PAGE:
As a result, SA's external vulnerability indicator has fallen substantially since 2000. And though it has a current account deficit problem, SA does not owe considerable debt to foreign banks.

According to the IMF, SA's net external position is 4,7% of GDP, compared with Turkey's 12,2% and 267,9% in Iceland. "If we were caught in the middle of the storm and had huge current account and fiscal deficits, where would we be?" asks Kganyago. "I am convinced the steps we've taken have mitigated, though not eliminated, the risk."

Kganyago says should it become necessary, SA would be able to access the IMF's new short-term liquidity swap facility. This would give SA access to almost $14bn to smooth a balance of payments adjustment, but Kganyago stresses that SA does not need such assistance at this stage.

Kganyago is adamant that government will not postpone necessary fixed investment. "We're going to continue, but prioritise these investments, pursuing those that will add to our long-run growth potential, like power generation. We've decided not to build new government offices, but that's not going to subtract from GDP."

He says only the imported component of government's infrastructure programme (reportedly about 40% of the total) will require foreign savings for funding - the rest can be funded predominantly from domestic sources.

Treasury has urged Eskom (which is to spend R340bn over five years on infrastructure) and Transnet (R80bn) to be more aggressive in using export credit agencies and development finance institutions. Eskom is negotiating a $500m loan from the African Development Bank and a $5bn loan with the World Bank.

"We're still confident of our growth forecasts tabled only four weeks ago, which we made knowing the global environment was difficult and there would be a slowdown," says Kganyago. "Our change to 2009 GDP growth from 4,5% to 3% was a dramatic revision."

Earlier this week, Manuel reiterated that SA will not slip into a recession but stressed that for SA to meet its growth aspirations, it would require reform to attract foreign investment to finance the current account deficit. "Continuing to attract foreign investment implies the need to maintain confidence in our macroeconomic policies and raise the economic growth rate," he told the National Assemby. But, in the long run, the only way to reduce SA's dependence on foreign savings is to export more. This, he said, would require tackling the microeconomic and regulatory constraints to more rapid economic growth and avoiding bad policy choices, like raising trade barriers, lax monetary policy and indiscriminate industrial policy.

Despite the deluge of negative news, there remains enormous denial about what is coming. SA may enjoy shock absorbers - the weak rand and cheaper oil - but there will be sector pain. (See stories on "Ratings a thumbsuck", "Digging deep for hope", "Falling, but mildly", "A slimmer festive stocking", "Revival is flipping urgent", "Time to push the buttons" and "Taking a drubbing".)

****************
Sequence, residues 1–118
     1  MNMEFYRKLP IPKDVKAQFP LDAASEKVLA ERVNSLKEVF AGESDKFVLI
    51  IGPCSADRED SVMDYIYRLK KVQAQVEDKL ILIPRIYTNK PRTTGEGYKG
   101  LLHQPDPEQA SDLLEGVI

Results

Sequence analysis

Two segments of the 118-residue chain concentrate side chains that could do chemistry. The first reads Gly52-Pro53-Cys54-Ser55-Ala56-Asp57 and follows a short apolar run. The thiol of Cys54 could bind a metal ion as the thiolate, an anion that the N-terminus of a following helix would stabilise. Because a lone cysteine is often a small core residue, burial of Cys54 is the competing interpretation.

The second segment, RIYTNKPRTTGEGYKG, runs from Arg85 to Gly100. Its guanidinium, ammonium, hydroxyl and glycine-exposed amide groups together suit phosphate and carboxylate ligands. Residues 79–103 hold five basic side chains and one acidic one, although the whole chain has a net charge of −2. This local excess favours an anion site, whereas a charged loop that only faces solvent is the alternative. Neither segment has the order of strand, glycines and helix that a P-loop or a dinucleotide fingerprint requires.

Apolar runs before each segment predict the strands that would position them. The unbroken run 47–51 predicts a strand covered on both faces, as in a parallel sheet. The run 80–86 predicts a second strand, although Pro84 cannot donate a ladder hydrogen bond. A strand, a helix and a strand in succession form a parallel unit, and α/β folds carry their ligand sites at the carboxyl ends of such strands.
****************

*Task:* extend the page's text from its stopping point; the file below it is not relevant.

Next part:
As the financial crisis gives way to a global recession in the coming months, SA's GDP growth, confidence and fixed investment are expected to deteriorate further. If there is a recovery from mid-2009, it will be exceptionally weak and gradual by past standards.

Meanwhile, SA will have to hang on by its fingernails. Through its economic policy choices it will have to take care not to alienate foreign capital. This will require far more astute political management than is now being displayed.

Mart said...

En in Business Day staan daar vandag:

"Plenty of reasons why SA’s economy can tough it out.

REPORTS from overseas suggest that the negative flow of information about the global downturn has been so overwhelming that it is fuelling an even more depressed state of mind among the public.

One fears a similar state of mind could become part of the South African psyche, bringing about an even more depressed economic situation than need be the case.

There can be no doubt that the correlation between the South African and international economy has been high since the abolition of sanctions in the mid-1990s and the incorporation of the economy into a globalised world.

The corollary is that any sharp downturn globally is bound to be followed by a similar slump in the domestic economy. One should thus not underestimate the negative effect on economic prospects that the recent financial turmoil globally might inflict. Nonetheless, this simple extrapolation is probably too simplistic and alarmist, overlooking factors that might imbue SA’s economy with some resilience that prevents conditions at home from deteriorating to the same extent as those abroad.